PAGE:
Wheels of injustice

Given resource constraints, more patrol vans in Delhi and other metros mean less security for women in villages and small towns, where rapes are higher but never get reported

t-r-jawahar

TR jawahar | December 26, 2012



Five senses make an animal. But the sixth sense often makes a male a bigger beast. And this beastly side of man is manifested maximum in crimes against women. The predatory instincts of a male vis-a-vis the vulnerable female never ceases. Neither modernity nor spirituality can camouflage this primal passion which can cross the limit of a natural procreative urge and land in the realms of pervert pleasure. But such biologically bestowed or God-given, scripturally sanctioned or culturally ingrained advantage does not absolve a man of his violent transgressions and certainly does not dissolve a female’s right to dignity and safety.

The Delhi bus rape, the latest such crime, and surely not the last, is a gory personal tragedy and a national shame. Arguments faulting the victims simply lose relevance in the face of such physical and mental suffering. India’s justice system has no face to show: Its laws are blindfolded and the long arms that wield it remain folded. The hue and cry across the nation, as also the calls for some decisive changes in the letter, spirit and course of law in such cases is natural and justified. Expectedly, the police, the last runner in the criminal justice delivery relay are in the dock for holding the baton in their soiled hands but failing to cross the threshold. It is nobody’s claim that all is fine with them. But if we care to look and listen beyond the lighted candles and din, we can easily spot all the earlier players who have faltered in their roles and thus held back the cops.

First, are we advancing the cause of justice by just undermining the police summarily and making them seem worse than the rapists? For instance, in due respect to the palpable public anger against the police and in all sincerity as a concerned citizen too, the Delhi Joint Commissioner appeared on a TV channel. But he was consistently shouted down by women activists and the anchor and could not utter a single sentence. The elite activists surely had the satisfaction of ‘voicing’ public opinion which was anyway overflowing, besides cornering some prime time fame. But public interest would have been better served if the obviously more sensible officer were allowed his say which could have thrown much needed light on the prevailing reality and precautions. Also, imagine the effect on the morale of the good ones in the force. And what discouragement to aspirants wanting to change its image.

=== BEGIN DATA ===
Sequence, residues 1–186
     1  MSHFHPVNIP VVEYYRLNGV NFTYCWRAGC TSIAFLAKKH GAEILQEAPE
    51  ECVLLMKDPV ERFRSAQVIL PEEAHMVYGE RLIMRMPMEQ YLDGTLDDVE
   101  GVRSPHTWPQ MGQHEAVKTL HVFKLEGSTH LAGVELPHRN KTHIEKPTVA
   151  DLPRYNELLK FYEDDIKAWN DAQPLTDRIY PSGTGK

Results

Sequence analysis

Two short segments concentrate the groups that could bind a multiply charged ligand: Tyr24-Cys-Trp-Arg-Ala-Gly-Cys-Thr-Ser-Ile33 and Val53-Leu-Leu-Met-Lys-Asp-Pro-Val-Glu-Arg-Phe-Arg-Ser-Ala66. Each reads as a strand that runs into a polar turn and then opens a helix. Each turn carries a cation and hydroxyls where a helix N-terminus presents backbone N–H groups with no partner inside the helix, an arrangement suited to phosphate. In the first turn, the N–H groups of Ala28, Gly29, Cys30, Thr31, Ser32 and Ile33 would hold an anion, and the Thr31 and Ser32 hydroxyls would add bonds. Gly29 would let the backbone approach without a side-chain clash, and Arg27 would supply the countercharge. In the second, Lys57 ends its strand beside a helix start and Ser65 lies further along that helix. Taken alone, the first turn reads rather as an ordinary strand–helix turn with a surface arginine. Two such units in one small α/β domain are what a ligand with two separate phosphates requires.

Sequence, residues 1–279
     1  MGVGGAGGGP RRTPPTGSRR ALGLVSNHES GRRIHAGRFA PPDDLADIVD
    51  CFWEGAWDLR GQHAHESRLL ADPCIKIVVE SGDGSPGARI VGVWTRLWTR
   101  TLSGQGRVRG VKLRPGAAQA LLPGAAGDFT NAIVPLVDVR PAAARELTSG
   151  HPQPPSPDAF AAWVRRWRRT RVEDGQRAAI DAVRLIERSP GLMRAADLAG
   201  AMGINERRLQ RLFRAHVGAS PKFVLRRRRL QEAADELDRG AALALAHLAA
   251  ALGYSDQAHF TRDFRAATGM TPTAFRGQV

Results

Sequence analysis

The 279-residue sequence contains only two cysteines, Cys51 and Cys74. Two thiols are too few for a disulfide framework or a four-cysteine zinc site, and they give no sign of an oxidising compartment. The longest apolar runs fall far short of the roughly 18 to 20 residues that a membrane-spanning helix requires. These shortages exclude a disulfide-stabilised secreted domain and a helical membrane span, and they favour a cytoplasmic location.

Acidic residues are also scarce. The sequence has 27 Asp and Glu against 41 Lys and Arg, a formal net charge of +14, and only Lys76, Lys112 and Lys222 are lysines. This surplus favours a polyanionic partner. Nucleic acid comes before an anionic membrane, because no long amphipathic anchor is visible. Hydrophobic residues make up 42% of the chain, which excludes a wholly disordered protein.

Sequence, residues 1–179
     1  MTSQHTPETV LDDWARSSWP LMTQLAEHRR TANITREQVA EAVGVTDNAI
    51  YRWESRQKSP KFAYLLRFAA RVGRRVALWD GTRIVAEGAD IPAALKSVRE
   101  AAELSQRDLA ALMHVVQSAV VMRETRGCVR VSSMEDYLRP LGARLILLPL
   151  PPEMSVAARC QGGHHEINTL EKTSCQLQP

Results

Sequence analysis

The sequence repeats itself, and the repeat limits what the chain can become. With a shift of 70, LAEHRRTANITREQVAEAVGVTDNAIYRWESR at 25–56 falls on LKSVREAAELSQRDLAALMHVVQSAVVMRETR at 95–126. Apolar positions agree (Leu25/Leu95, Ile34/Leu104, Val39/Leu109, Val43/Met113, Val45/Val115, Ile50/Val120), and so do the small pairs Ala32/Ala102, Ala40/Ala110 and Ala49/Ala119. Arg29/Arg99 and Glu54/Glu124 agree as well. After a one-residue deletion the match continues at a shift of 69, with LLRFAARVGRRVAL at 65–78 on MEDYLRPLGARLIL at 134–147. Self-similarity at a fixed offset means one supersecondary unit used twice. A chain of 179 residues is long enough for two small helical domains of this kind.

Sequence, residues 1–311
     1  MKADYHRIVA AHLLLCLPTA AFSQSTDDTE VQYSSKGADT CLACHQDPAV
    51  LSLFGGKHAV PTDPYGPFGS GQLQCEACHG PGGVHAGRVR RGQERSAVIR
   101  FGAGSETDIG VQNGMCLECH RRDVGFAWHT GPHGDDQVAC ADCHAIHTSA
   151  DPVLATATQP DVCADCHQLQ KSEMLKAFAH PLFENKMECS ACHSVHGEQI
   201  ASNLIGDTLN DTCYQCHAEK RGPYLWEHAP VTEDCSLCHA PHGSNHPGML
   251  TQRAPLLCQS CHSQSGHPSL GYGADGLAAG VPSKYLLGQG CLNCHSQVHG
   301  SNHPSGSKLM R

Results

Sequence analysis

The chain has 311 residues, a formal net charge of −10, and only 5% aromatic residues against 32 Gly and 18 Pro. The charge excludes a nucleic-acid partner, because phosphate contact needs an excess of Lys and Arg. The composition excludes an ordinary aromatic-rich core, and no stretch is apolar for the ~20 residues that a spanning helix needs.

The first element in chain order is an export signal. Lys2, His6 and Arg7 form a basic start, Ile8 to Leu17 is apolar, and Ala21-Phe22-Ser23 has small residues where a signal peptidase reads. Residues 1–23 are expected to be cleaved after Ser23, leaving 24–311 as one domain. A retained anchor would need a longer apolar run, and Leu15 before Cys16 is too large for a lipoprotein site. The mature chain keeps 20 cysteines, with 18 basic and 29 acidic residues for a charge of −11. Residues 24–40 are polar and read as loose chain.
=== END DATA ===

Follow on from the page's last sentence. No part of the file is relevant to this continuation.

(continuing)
Equally sickening was the simulated show by parliament and the politicos. They are entitled to their quota of angst. And the raw, no-frills nature of the rapists have made it easy for all across the political spectrum to unite. But the hypocrisy, hysteria and hyperbole get exposed if we see their actions. For instance, Sonia, the de facto ruler and hence the one answerable, maintains a safe and sterile distance from the barbarous act, joins the rest of the crowd, condemns, makes an ‘exclusive’ visit on the victim and in a nonchalant act of moral abdication, writes to the Delhi CM. Now, what stops the Delhi CM from following her leader’s (all women, at that) lead and writing to the CoP? What can cops do that these two powerful women cannot? Again, besides public money, these political VIPs, women included, amass the bulk as also the best of the police force for their own security. Now, is it not crime against women that S-in-law Robert Vadra does his dubious deals under Z-security cover while ‘sisters, mothers and daughters’ elsewhere are left an easy prey to rampaging rapists?

That the debate which should be women-centric has become Delhi-centric instead is most painful. Given resource constraints, more patrol vans in Delhi and other metros mean less security for women in villages and small towns, where rapes are higher but never get reported or rhetoricised. Fast tracking in the present case is fine but what about the earlier ones in legal limbo? Is sensitivity a selective feeling, spurred only by the latest in memory? And having hanged the cops, good and bad alike, what of the justice system that had let off many a proven sexual offender? What to say of the honourable woman president Prathiba Patil who pardoned a slew of convicted rapists, right before the very sympathetic eyes of her mentor, Saint Signora and all the now-afire women MPs, activists and the nation itself?

How aware are we of warnings of psychologists and sociologists that abusers of women and children actually lurk in close inner circles? And what of family elders watching sexually explicit content invading the drawing rooms routinely, with nary a sense of coyness or shyness, little realising that their numbed and de-sensitised teen sitting in the same room, having now got parental sanction too, could be a potential victim or villain? And finally, in these stressful times when everyone is on the brink, should not each male breach his own veneer of chivalry and gentlemanliness, search for the misogynist monsters lingering inside him and shunt them out before they get unleashed on the nearest woman, be she a relative or a stranger?

The depraved rapist and the erring cop are just cogs, vital no doubt, in the larger wheel that is ever running over women!

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